My flowers are recovering surprisingly well after the beating they took from last week’s storms.
On Friday, our good friends helped us move the downed trees off our pasture fence and haul them out to the ‘back forty’. It took some skill and know-how to remove them without doing further damage to the fence, so we were grateful for the help. We still have some branches to pick up and haul away, and some fence posts to replace, but have decided to wait for some cooler weather before attempting that.
Friday was the first day of Summer and it certainly felt like it. It has turned hot and humid and we have had to run the air conditioner for the first time this season. Looks like being this way for most of this week, so we will be keeping a low profile for a while.
It was a beautiful day yesterday. The sky was perfectly clear and I shrugged off the forecast of possible storms headed our way. When I checked the radar map on the computer, I saw nothing to be concerned about.
But later in the day, when the sky to the north began to look threatening, I went back to the computer and was startled to see a Severe Storm Warning informing us that damaging winds and hail would be upon us in ten minutes. We barely had time to bring the horses in before the storm hit.
We were hit by not one, but two storms and when it was over we had two trees down on our pasture fence, and several trees down or damaged along our road. My poor flowers took quite a beating from the hail, and I am not sure all of them will recover. I had taken some photos of them earlier in the day, which is a good thing, as they may not look this good for a while!
Our fickle weather has turned on us again and I needed hat, scarf and gloves for our walk this morning. In spite of this, the air is sweet with the scent of blossoms. The lilacs, which are still in full bloom, have now been joined by the Wild Cherry trees and the Russian Olives, and next to my trail, Lily of the Valley are adding their sweet scent to the air. (Probably not good for my allergies, but I enjoy them nonetheless.)
We found this Bumblebee resting by our back door on Tuesday, so I had to snap a few photos.
Last week, we visited our local nursery and bought a few annuals. Glad I resisted the temptation to plant them early, since it has turned so cold, but hope to get them in this weekend. Since our soil is so poor, I am confined to container gardening, so at least I have the option of moving things inside if the nights get too cold.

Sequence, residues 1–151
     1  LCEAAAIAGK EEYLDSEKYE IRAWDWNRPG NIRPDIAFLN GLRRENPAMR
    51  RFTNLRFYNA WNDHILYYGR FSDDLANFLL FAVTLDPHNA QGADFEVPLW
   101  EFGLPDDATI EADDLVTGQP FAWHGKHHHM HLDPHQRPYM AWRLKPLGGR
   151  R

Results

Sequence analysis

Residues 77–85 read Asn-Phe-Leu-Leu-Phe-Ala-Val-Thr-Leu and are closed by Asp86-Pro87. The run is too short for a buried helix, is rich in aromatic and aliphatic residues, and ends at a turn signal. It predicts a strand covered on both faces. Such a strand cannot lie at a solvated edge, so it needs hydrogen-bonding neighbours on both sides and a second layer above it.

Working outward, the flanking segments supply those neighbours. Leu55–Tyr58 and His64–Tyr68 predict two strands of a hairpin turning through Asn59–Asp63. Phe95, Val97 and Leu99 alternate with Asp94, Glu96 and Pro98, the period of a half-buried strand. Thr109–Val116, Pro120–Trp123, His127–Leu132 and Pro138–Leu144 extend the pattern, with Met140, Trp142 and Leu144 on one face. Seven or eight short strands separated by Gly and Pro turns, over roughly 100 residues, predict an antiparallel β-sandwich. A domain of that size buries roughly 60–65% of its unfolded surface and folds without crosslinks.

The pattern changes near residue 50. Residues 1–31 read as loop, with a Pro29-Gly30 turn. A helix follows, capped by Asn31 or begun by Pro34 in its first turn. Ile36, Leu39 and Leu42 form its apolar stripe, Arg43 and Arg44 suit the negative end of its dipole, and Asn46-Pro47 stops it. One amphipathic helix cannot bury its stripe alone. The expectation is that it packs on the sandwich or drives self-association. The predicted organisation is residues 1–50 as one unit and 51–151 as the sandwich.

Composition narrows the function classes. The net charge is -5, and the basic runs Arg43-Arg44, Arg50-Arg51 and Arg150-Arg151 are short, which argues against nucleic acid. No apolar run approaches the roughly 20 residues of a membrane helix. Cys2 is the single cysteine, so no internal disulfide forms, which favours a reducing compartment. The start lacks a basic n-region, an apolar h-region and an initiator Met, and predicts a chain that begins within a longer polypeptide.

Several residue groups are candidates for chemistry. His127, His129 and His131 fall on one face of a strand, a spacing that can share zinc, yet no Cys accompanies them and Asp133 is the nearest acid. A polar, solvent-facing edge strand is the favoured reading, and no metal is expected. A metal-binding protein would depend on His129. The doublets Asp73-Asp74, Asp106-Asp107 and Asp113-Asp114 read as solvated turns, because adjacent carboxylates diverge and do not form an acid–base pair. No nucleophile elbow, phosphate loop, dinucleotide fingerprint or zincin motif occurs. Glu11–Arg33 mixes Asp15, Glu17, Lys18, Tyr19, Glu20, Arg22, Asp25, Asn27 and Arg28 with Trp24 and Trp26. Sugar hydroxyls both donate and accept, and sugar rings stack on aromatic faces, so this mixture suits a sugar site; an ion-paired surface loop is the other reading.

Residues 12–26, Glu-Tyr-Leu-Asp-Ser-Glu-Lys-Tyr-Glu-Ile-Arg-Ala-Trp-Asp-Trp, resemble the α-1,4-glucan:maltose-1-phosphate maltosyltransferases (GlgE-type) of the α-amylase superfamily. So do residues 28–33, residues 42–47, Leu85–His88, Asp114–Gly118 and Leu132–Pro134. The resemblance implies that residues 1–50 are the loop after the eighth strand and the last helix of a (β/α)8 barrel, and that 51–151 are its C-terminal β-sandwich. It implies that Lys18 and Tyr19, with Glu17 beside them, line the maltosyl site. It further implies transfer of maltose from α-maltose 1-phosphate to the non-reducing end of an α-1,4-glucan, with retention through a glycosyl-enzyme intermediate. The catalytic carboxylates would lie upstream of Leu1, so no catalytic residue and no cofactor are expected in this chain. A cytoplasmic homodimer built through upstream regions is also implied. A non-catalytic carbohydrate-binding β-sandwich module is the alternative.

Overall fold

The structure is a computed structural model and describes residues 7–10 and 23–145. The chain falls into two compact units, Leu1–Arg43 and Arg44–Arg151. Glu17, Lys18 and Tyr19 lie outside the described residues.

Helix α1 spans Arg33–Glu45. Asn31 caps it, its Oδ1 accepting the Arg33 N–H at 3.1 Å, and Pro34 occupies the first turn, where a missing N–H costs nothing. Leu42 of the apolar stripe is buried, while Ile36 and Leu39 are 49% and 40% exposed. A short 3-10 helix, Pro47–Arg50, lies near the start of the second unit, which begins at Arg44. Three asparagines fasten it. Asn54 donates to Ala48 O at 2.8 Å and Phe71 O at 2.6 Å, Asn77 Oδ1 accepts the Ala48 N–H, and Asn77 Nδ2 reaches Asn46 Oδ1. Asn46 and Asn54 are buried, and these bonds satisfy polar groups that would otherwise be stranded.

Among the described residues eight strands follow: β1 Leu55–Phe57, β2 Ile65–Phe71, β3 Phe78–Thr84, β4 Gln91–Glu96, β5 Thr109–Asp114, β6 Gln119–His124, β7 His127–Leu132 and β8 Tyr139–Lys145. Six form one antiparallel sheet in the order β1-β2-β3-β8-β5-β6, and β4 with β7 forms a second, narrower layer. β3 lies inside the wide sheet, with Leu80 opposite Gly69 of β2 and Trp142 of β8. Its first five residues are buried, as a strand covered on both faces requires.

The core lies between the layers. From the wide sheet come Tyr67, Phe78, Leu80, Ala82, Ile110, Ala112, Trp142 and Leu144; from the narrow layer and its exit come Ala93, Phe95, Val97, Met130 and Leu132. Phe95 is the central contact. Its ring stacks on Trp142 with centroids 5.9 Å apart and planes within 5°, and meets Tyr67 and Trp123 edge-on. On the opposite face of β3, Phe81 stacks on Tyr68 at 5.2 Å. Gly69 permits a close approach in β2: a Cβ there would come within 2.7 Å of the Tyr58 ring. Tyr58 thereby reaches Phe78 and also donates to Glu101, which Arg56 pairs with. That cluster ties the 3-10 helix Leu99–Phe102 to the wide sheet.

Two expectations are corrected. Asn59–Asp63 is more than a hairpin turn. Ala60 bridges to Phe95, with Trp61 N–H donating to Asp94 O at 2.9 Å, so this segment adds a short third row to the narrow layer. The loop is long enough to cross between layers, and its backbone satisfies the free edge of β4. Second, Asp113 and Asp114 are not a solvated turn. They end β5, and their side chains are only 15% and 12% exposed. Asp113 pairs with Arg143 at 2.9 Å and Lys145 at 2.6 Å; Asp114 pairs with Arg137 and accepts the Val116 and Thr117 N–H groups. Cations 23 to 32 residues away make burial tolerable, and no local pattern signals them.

The trees around the lake in the Park are arrayed in many shades of green, as each tree leafs out on it’s own schedule.
Just as we thought it was safe to put away the ‘Winter Woollies’, cold temperatures returned and our morning walks became more of a chore than a pleasure. Now we are back to above normal temperatures, and I even had to break out some shorts and a tank top to work outside yesterday! It is tempting to start planting flowers, but I will restrain myself and wait until after Memorial Day. Right now I have my hands full just keeping up with the mowing.
Many years ago, I tried without success to grow Tulips. Burrowing critters ate the bulbs before they could ever take root, but one determined flower survived, (although it is far from the spot where I originally planted it,) and has been bravely blooming almost every year. I just had to photograph this brave, determined fellow!
I spotted this canoeist on the lake a couple of weeks ago, enjoying the peace and quiet of the early morning. In spite of the changeable weather, the campgrounds are beginning to fill, especially on weekends, and soon there will be more boaters out on the lake, either fishing, or simply enjoying the scenery.
Have been faithfully lugging my camera along on our morning walks, but I am just tired of Winter right now, and have not found the frozen landscape inspiring.
In an attempt to cheer myself, and perhaps my readers, I dug back through my Hard Drive to find something colorful to include in today’s blog.
Most of my flowers did not fare too well during last Summer’s hot, dry weather, but my Geraniums soldiered bravely on well into October. Sadly, I did not inherit my Mother’s ‘green thumb’, so anything I grow needs to be quite hardy!
The freeze thaw conditions we have been experiencing have created lots of ice underfoot, and Brian and I had to pick our way carefully on our walk this morning. The sun did shine for a while, but was soon gone and the wind has a real bite to it. Still, February is slowly slipping away and we should be seeing signs of Spring before long.